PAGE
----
Are these people for real?

Discussion in 'Dogs - General Dog Chat' started by LilahRoot, Jan 29, 2013.

  1. stafinois

    stafinois Professional Nerd

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    Stan got his rabies vaccine when he was 3-4 months old. Then he got bigger!! Is that a side effect, too?
     
  2. crazedACD

    crazedACD Active Member

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    I would be interested in serious studies done to see if there is a causation between the vaccines. I do believe with some behaviors it is plausible, but there has not been enough research done to say for sure. I believe the vaccine might exasperate underlying issues.

    With Skye, I did the rabies vax one year and she immediately (within a day or two) started with a little hair loss around her eyes. They were a bit swollen and watery. It took probably a month to go away. The next year I had to do another rabies jab...same thing, except it hasn't really gone away but gets better and worse. I've just been told it's allergies. Now I did do the vax in March each year (Springtime, stuff is starting to bloom, causes allergies) so who knows.

    A few days after rabies vax for Zoie one year in particular, her lyme disease flared up majorly. It didn't happen the next year.
     
  3. Oko

    Oko Silence, peasants.

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    Gawd, I feel so all over the place on this issue. I don't believe the extremist viewpoint, but ehhh over-vaccination is scary. It honestly gives me a headache to think about. I'm planning on minimal vaccinations.

    I've never been vaccinated for anything. 2 of my older siblings had severe reactions to vaccines, and from then on in all five of us were not vaccinated. Not sure what the laws are in other places, but here in Massachusetts you can opt out for 'religious' reasons. We're, uh, the least religious people ever, but I didn't say that. :rolleyes:
     
  4. DenoLo

    DenoLo New Member

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    This people spreading panic and misinformation about vaccines are benefiting very much by the fact that the majority of the population DOES get vaccinations. Herd immunity is a wonderful thing.
     
  5. LilahRoot

    LilahRoot New Member

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    I haven't read the entire thread, but this was my first thought after reading the article.
     
  6. Flyinsbt

    Flyinsbt New Member

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    A vaccine challenges the immune system, so it can certainly trigger immune system-type issues. ie; an allergy flare up, or flare up of an existing condition. This is why a pet should not be vaccinated when it is sick. The rabies vaccine does seem to cause more issues than some. OTOH, the disease it prevents is a particularly deadly one, and is a health risk to humans, so I'm not personally willing to gamble with it. My dogs are vaccinated for rabies. (also for distemper and parvo)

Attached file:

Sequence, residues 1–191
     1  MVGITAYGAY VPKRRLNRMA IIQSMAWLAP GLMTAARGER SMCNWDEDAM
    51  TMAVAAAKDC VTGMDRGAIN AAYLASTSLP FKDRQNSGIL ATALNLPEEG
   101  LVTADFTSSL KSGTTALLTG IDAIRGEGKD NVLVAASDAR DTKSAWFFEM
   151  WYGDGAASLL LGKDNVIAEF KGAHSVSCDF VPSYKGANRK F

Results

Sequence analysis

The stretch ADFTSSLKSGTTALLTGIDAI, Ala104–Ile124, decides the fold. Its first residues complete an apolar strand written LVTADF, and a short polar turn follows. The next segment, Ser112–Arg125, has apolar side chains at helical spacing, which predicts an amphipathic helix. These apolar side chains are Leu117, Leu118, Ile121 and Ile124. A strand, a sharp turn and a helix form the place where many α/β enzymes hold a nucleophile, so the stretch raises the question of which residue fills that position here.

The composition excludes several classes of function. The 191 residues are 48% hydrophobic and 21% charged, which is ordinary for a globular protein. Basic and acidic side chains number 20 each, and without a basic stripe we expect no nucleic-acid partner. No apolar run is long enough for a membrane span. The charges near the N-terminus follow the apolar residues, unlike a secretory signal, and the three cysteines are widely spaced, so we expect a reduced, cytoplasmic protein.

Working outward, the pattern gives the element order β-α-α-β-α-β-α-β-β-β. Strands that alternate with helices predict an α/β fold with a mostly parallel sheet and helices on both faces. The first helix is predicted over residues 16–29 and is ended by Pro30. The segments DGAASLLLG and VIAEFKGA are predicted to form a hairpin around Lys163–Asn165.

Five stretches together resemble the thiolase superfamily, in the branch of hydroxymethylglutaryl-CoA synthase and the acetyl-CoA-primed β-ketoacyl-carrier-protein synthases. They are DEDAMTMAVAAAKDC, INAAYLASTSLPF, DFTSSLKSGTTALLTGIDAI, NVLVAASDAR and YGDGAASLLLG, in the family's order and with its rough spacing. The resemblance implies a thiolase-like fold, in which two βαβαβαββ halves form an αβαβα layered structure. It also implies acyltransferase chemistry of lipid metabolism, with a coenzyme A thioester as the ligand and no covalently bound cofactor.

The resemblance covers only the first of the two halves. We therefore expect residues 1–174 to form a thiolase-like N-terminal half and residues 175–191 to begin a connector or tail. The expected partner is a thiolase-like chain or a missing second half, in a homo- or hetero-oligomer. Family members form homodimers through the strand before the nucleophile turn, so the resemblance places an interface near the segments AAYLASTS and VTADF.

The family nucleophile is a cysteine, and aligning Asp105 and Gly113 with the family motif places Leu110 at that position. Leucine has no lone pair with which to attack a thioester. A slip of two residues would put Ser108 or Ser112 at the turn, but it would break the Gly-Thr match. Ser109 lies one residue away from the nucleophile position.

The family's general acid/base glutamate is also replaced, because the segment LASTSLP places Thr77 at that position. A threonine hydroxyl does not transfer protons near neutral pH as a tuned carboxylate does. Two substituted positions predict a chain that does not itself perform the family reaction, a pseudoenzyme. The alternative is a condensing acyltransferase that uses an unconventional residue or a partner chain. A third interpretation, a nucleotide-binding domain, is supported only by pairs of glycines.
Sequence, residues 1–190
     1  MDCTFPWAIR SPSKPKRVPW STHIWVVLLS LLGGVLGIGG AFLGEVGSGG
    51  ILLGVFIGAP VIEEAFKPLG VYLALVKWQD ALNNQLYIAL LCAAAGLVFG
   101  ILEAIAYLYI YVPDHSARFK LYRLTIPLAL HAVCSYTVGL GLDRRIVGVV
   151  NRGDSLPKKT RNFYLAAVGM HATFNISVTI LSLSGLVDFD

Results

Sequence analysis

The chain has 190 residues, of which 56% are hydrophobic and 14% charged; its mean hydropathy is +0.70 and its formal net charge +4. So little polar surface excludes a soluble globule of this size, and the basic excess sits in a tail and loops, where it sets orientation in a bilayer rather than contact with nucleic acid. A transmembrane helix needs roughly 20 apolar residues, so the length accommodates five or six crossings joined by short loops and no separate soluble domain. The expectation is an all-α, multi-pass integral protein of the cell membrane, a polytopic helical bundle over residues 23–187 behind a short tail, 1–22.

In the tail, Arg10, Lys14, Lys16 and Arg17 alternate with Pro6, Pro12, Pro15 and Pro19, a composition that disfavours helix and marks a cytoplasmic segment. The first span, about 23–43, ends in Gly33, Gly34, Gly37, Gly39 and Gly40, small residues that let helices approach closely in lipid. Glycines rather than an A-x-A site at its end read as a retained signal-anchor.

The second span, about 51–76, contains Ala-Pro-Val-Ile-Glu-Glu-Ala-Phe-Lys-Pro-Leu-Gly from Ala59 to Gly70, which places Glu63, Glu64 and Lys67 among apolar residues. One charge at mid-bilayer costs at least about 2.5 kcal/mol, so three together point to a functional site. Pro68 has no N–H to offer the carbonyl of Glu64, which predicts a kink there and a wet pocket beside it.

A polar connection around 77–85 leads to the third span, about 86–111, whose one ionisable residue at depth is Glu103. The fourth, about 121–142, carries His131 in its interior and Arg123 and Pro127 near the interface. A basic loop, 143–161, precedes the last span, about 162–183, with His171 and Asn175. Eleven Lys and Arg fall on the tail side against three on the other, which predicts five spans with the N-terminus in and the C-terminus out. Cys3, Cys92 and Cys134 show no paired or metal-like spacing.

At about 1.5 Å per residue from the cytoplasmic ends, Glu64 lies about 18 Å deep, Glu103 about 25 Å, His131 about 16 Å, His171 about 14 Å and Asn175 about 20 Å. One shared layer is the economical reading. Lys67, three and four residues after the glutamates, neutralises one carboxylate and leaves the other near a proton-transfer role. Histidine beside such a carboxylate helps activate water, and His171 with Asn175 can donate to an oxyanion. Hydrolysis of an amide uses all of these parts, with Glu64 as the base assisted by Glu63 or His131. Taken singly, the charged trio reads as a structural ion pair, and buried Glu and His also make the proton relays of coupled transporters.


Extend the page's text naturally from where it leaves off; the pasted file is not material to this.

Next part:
I had a dog have a mild reaction to the rabies once. And I was disgruntled about it, because he hadn't needed that vaccine. The year before, I'd taken him to a cheap veterinary chain to get his rabies, because I was low on cash, and didn't want to skip it. They vaccinated him, I went and paid, they handed me the certificate, and it was only good for a year. Which is wrong, he was an adult dog who had been vaccinated before, it should have been good for 3 years. I figured it was too late to do anything, but the next year when I had to get him a gratuitous rabies vaccine to stay legal, I went to my usual vet and paid the extra $50 or whatever it was. Anyway, we went to an agility trial the next day, and he couldn't run. Poor guy didn't feel good. He was okay the next day, but I've always kept it in mind since then that the rabies vaccine is a toughie.
     
  7. Saeleofu

    Saeleofu Active Member

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    If the vaccine they used was labeled for 1 year, they legally CANNOT say it's good for 3 years, even if in reality the immunity lasts for 3 years (or longer). It's a good idea to specify you want a 3 year vaccine and confirm that's that the dog is getting before the dog gets stuck with the needle. It sucks that it happened that way, though :(
     
  8. release the hounds

    release the hounds Active Member

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    It's the same vaccine. All you probably would have had to do was bring in the paperwork showing his last rabies vaccination and they would have changed the paperwork to a 3 year. I've done it multiple times with multiple dogs, there's no issue other than documentation and if there's a break in the paper trail, they will only issue a year long license
     
  9. Saeleofu

    Saeleofu Active Member

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    I know they're the same vaccine. But if the package states "1 year" there's legally nothing they can do to make it a 3 year. We ONLY use the 3 year vaccines at work, even if it's the dog's first vaccine, because we don't want to deal with that crap.
     
  10. Emily

    Emily Rollin' with my bitches